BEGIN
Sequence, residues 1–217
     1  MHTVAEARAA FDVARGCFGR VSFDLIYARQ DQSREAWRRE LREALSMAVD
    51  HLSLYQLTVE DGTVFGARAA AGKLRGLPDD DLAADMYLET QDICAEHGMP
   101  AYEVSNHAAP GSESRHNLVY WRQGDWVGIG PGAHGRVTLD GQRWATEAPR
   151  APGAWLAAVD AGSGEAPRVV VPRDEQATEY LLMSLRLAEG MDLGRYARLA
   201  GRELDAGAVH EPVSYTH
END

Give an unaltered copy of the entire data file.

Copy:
Sequence, residues 1–217
     1  MHTVAEARAA FDVARGCFGR VSFDLIYARQ DQSREAWRRE LREALSMAVD
    51  HLSLYQLTVE DGTVFGARAA AGKLRGLPDD DLAADMYLET QDICAEHGMP
   101  AYEVSNHAAP GSESRHNLVY WRQGDWVGIG PGAHGRVTLD GQRWATEAPR
   151  APGAWLAAVD AGSGEAPRVV VPRDEQATEY LLMSLRLAEG MDLGRYARLA
   201  GRELDAGAVH EPVSYTH